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Edinburgh Skeptics Presents...

Welcome to the Edinburgh Skeptics Society podcast. We'll be bringing you talks from our guest speakers on a variety of topics in our Skeptics in the Pub podcast. There'll be talks from areas such as science, social issues, politics, and lots more, all with a view to promoting reason and critical thinking. You'll also be able to see what makes our guest speakers tick with our 10 Questions segment, and recordings of our Edinburgh Fringe Festival and Edinburgh International Science Festival events. Do make sure you rate or review us, and get in touch and let us know what we're doing right (or wrong!). Email us at podcast@edskeptics.co.uk
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Now displaying: Page 4
Apr 3, 2016

To go along with the recording of Prof. William Naphy's excellent talk for us as part of this year's science festival, he sat down with our very own David Frank to talk some more about his thoughts on gender, as well as bravely attacking our Bear vs Tiger question.

Having received degrees in Latin and Historical Theology from US institutions, Professor Naphy moved to Scotland to complete his doctoral studies at the University of St Andrews in Reformation History. Subsequently, he worked at New College (Edinburgh) and the University of Manchester before taking up his post at the University of Aberdeen in 1996. He is the author of numerous works on early modern history including 'Calvin and the Consolidation of the Genevan Reformation', and 'Born to be Gay: A History of Homosexuality'. He has appeared frequently in television documentaries including 'Art and Soul' presented by Richard Holloway (Primus Emeritus, Scottish Episcopal Church) and is regularly interviewed on television, radio and print media relating to issues of sexuality and gender in history and contemporary society.

Professor William Naphy @ The University of Aberdeen

Apr 3, 2016

For our first Edinburgh International Science Festival 2016 podcast, we're pleased to bring you a talk by Prof. William Naphy. This event was easily our most attended event in years, with 100+ people in attendance.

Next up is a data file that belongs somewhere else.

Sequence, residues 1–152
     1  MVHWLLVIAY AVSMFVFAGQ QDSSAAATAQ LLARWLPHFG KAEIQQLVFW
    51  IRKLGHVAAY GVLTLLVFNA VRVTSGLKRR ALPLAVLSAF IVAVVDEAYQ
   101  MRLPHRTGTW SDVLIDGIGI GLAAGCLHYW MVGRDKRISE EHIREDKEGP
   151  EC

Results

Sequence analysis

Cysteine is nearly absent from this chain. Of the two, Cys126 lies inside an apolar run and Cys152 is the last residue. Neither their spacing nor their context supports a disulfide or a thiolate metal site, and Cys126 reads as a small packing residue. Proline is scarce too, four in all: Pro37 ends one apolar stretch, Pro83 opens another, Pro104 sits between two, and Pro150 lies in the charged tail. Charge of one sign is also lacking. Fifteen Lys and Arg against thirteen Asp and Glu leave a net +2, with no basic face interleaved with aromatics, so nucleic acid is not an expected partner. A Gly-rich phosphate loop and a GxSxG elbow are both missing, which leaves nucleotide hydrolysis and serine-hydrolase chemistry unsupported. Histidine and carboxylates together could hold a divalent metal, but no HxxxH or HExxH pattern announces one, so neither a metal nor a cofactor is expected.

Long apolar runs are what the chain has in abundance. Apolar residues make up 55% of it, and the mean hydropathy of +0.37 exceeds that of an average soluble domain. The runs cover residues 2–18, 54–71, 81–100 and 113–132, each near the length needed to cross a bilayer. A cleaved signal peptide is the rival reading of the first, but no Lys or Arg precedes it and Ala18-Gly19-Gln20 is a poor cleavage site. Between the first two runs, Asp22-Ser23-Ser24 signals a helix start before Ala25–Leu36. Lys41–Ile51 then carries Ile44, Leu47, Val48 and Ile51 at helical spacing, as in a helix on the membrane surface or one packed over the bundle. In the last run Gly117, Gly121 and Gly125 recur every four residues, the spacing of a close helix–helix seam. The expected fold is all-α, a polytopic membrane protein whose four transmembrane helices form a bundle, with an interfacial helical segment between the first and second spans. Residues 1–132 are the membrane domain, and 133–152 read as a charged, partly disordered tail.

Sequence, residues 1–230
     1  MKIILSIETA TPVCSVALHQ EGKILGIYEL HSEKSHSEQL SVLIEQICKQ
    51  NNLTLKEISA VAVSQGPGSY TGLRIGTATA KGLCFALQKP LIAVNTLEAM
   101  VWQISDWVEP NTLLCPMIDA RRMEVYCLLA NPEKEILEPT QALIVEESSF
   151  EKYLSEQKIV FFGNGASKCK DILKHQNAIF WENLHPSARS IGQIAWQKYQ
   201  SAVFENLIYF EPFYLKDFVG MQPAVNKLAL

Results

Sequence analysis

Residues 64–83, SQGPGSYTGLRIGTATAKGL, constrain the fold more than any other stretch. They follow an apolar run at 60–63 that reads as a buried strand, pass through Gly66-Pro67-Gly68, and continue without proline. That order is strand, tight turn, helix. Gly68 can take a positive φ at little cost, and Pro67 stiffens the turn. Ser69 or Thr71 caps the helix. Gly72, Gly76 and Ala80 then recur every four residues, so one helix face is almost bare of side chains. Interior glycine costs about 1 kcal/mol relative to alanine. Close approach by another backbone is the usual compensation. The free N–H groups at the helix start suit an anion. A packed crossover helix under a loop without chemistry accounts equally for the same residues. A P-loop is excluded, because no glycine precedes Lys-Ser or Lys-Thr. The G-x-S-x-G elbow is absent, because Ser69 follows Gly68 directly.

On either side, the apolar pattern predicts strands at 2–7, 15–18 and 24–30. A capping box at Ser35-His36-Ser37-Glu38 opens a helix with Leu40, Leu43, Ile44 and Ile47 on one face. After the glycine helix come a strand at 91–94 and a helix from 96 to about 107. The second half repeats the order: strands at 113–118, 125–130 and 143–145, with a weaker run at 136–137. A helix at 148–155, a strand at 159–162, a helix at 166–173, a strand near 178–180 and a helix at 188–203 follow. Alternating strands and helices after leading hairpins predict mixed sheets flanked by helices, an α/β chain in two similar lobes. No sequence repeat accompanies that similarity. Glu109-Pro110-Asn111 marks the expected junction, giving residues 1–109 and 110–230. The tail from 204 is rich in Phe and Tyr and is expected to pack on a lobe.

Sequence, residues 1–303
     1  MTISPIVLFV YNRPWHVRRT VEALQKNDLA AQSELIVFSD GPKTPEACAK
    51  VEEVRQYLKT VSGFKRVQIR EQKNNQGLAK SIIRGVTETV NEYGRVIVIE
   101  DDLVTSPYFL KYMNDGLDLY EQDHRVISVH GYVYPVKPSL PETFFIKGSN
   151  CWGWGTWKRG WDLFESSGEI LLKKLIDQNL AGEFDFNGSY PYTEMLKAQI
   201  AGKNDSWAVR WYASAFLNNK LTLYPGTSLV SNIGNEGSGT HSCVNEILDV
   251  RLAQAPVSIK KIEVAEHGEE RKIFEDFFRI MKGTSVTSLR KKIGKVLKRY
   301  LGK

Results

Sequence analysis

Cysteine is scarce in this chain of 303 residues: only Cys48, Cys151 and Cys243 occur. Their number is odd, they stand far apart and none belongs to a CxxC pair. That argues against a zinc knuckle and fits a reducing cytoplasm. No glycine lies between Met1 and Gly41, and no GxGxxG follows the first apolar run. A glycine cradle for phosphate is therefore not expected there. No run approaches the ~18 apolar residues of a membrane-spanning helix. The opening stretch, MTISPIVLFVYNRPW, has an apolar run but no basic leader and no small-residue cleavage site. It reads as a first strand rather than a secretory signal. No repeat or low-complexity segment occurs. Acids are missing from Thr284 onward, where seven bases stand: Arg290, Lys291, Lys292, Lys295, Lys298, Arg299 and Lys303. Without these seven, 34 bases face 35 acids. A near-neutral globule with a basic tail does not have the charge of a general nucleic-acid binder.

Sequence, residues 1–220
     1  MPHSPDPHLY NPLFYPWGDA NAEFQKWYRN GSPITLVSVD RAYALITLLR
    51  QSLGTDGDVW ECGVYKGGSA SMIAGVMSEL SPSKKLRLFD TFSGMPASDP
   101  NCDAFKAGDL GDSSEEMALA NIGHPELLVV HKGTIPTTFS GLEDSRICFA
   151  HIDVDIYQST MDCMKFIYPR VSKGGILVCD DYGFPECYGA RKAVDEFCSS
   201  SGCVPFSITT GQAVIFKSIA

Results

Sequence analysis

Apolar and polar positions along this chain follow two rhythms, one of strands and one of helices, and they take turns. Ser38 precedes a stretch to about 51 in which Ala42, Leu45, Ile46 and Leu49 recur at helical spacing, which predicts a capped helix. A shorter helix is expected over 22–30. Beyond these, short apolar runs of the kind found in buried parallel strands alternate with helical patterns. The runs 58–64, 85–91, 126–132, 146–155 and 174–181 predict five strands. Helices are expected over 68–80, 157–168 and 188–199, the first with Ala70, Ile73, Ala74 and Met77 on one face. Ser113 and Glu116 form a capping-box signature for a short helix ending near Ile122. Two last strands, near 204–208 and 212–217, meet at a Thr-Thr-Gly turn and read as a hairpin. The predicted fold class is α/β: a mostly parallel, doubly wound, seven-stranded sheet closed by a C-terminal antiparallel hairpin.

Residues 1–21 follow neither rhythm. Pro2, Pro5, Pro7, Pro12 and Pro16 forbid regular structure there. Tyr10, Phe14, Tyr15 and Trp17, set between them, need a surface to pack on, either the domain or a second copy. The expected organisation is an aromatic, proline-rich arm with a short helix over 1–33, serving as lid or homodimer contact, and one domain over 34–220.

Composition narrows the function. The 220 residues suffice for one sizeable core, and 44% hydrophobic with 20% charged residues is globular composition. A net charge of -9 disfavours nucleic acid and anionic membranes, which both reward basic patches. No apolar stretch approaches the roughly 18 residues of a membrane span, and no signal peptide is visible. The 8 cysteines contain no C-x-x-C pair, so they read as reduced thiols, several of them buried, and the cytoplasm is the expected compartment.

Prof. Naphy's talk examines cultures which historically and contemporaneously have more than two genders. In particular, the talk considers how these societally constructed genders are understood within their society and the socio-cultural gender roles associated with them. Prof. Naphy also suggests that these traditional non-binary understandings of gender are being eroded and changed by Western concepts of sexuality which have developed in a strictly binary understanding of gender.

Having received degrees in Latin and Historical Theology from US institutions, Professor Naphy moved to Scotland to complete his doctoral studies at the University of St Andrews in Reformation History. Subsequently, he worked at New College (Edinburgh) and the University of Manchester before taking up his post at the University of Aberdeen in 1996. He is the author of numerous works on early modern history including 'Calvin and the Consolidation of the Genevan Reformation', and 'Born to be Gay: A History of Homosexuality'. He has appeared frequently in television documentaries including 'Art and Soul' presented by Richard Holloway (Primus Emeritus, Scottish Episcopal Church) and is regularly interviewed on television, radio and print media relating to issues of sexuality and gender in history and contemporary society.

Professor William Naphy @ The University of Aberdeen